Giro d'Italia

Giro notes: Kiryienka wins for Tondo; Scarponi-Nibali podium showdown; Riis on Contador

Vasili Kiryenka said he was riding with an extra pair of legs in his dramatic victory of Saturday’s stage over the Finestre climb. The Belorussian dedicated the victory to his Movistar teammate, Xavier Tondo, who died this week in a freak accident in a parking garage in Spain.

Vasili Kiryenka said he was riding with an extra pair of legs in his dramatic victory of Saturday’s stage over the Finestre climb.

The Belorussian dedicated the victory to his Movistar teammate, Xavier Tondo, who died this week in a freak accident in a parking garage in Spain.

“Today was a great day for me and for my team. I will always remember our teammate Xavi Tondo. I won in a manner very beautiful for him,” Kiryenka said. “It was a hard stage but I was thinking of him when I was riding today. It was like he was riding with me.”

Battle for second

Nibali was dropped on the Colle delle Finestre, fought back and lost time again on the final climb. | Graham Watson photo

Some say it’s been a race for second place ever since Mount Etna, but the final podium will be decided in Sunday’s individual time trial on a flat, but challenging urban course through the streets of Milan.

Michele Scarponi (Lampre) has a slender, 54-second lead to Vicenzo Nibali (Liquigas-Cannondale) going into the stage. Nibali is a superior time trialist, but the final TT of a grand tour is more about who has the legs than favoring a specialist.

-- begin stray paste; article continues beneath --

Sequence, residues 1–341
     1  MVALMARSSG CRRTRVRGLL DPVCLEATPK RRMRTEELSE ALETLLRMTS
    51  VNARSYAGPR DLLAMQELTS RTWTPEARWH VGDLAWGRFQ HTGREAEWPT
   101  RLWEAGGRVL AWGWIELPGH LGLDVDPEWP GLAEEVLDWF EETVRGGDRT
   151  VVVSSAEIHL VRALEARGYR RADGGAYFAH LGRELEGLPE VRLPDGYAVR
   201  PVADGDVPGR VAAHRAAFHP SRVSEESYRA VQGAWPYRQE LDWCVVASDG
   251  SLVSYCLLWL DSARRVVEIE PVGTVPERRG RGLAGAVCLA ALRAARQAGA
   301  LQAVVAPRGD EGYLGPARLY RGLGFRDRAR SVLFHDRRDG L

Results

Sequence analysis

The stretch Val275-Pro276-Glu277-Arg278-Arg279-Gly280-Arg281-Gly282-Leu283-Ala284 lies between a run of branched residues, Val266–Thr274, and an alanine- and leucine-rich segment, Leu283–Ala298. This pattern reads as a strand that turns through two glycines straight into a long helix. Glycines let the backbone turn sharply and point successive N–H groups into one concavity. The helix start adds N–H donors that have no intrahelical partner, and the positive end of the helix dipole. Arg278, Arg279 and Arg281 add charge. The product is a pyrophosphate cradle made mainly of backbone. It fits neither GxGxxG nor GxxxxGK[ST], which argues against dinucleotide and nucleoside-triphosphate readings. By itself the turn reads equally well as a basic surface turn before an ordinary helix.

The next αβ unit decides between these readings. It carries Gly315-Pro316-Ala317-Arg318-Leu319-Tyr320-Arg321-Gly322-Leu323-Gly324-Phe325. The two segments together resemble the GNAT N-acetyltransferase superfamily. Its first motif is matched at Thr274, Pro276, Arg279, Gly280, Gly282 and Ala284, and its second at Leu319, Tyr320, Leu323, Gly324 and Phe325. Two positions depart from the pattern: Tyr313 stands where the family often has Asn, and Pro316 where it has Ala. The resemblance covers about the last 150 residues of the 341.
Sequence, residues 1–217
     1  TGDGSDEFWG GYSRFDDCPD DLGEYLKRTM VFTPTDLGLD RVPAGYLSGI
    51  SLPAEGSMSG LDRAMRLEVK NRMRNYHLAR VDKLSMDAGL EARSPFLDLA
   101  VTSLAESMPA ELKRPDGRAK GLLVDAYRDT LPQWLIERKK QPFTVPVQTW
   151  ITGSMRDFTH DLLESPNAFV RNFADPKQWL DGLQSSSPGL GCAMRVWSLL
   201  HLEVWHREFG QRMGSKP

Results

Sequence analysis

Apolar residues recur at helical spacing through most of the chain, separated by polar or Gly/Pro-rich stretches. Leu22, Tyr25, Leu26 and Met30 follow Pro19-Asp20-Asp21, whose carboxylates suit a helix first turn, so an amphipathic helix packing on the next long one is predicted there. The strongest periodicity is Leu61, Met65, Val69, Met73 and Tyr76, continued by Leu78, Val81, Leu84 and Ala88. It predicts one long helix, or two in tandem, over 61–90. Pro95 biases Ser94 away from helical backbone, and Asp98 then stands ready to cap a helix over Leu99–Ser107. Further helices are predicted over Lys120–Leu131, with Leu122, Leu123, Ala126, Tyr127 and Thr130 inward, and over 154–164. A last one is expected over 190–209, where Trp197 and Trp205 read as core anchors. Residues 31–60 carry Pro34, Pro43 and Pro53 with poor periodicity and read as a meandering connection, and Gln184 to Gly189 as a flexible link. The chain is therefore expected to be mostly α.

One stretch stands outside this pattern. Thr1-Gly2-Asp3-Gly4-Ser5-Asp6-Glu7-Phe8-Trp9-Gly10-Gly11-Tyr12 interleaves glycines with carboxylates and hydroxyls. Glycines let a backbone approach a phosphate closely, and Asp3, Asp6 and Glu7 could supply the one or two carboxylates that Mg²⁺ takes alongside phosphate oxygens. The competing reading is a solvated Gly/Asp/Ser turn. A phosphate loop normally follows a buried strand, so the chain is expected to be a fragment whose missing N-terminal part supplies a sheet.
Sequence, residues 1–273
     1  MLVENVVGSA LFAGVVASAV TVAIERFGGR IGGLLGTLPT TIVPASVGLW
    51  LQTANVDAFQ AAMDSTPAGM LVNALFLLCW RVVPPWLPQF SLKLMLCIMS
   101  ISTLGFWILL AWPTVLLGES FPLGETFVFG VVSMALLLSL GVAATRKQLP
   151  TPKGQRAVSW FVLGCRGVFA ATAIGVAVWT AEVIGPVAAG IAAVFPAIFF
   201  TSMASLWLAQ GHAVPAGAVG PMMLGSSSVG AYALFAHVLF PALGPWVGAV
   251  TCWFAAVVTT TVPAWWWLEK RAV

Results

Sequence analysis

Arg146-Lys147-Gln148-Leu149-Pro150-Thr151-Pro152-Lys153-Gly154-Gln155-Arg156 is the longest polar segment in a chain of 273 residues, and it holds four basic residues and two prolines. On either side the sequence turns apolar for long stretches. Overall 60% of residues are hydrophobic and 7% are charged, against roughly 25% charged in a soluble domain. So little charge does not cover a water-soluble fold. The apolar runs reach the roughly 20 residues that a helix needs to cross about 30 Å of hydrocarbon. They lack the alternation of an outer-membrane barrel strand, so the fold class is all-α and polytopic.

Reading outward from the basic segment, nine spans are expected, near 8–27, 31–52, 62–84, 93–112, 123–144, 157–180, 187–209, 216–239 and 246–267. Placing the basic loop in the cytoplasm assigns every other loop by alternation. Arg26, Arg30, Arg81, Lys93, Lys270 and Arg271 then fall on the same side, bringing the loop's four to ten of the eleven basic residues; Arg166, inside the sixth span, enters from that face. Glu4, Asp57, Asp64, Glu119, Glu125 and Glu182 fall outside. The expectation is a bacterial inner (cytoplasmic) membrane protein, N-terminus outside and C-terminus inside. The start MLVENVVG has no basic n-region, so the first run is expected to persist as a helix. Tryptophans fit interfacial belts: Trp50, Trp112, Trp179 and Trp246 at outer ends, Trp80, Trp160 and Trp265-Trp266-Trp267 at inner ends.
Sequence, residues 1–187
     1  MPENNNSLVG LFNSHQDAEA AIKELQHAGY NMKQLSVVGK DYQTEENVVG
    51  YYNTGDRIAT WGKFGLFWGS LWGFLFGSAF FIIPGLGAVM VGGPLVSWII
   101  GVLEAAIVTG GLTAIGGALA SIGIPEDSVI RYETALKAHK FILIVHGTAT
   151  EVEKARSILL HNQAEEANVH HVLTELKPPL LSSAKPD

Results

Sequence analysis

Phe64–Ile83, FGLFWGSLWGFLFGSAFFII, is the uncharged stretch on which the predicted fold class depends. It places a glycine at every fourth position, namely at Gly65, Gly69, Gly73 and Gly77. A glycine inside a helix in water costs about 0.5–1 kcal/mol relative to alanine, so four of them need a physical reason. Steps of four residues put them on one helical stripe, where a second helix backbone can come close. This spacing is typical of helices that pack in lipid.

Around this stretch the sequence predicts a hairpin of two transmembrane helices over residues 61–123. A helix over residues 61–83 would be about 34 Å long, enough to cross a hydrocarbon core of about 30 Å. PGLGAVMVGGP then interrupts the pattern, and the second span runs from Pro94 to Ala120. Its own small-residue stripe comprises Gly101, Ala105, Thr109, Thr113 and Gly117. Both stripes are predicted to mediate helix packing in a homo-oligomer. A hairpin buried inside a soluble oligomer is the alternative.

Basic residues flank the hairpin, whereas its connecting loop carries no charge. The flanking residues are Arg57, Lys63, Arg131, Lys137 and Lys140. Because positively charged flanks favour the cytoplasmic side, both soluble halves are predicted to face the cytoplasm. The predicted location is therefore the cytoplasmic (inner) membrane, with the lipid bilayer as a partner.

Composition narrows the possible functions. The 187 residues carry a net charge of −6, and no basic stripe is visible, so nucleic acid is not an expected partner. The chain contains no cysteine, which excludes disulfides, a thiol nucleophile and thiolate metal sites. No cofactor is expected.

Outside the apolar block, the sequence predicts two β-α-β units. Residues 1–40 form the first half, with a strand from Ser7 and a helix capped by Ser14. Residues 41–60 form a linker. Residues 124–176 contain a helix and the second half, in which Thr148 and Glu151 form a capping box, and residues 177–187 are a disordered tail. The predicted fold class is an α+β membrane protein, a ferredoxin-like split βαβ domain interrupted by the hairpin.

Scarponi has shown that he’s still capable of attacking, putting down accelerations in Friday and Saturday to try to gap Nibali. In Saturday’s final charge to Sestriere, Scarponi took out 22 seconds on Nibali, a difference that could prove decisive in him keeping second place.

“Today’s stage was so hard, I gave all I could to try to get more time,” Scarponi said. “Nibali is usually faster than me in the time trial, but I will give all I have. I want to keep second place.”

Nibali isn’t happy about changes in the TT course that was modified to lessen the impact on traffic disruptions as the election season ends in Lombardia. Official reduced the stage by 5.5km and rerouted the stage to keep less of the route out of the city center. Instead of having 31.5km, Nibali will only have 26km, meaning that he will need more than two seconds per kilometer on Scarponi to move up to second.

“Of course, if the time trial course was longer, it would be better for me,” Nibali said. “Scarponi and I have been more or less equal. One day he’s a little bit better than me, then the next I’m a little sharper. Tomorrow we’ll see who has the legs.”

Even if he does lose second, Scarponi looks all but sure to keep a podium spot that eluded him last year when he finished fourth. French rider John Gadret (Ag2r) is more than two minutes back.

Riis on Contador

Saxo Bank-Sungard boss Bjarne Riis said he was not surprised to see Alberto Contador ride so strongly throughout the 2011 Giro d’Italia.

“I knew he was strong. It’s not a big surprise. What he did in this Giro was incredible,” Riis said. “He demonstrated that he was strong. We didn’t think about winning today. Kiryenka was very strong today, so that’s good for cycling.”

Riis said that he hopes that Contador will be allowed to race the 2011 Tour de France. A change in Contador’s hearing before the Court of Arbitration for Sport could mean that Contador could race this year’s Tour despite the possibility of a two-year ban and the disqualification from his Tour victory last year.

“This is the objective (the Tour). We have been working first for the Giro and then the Tour,” Riis said. “The rules say that he can ride the Tour, so maybe he will be able to race. We’re content with this Giro.”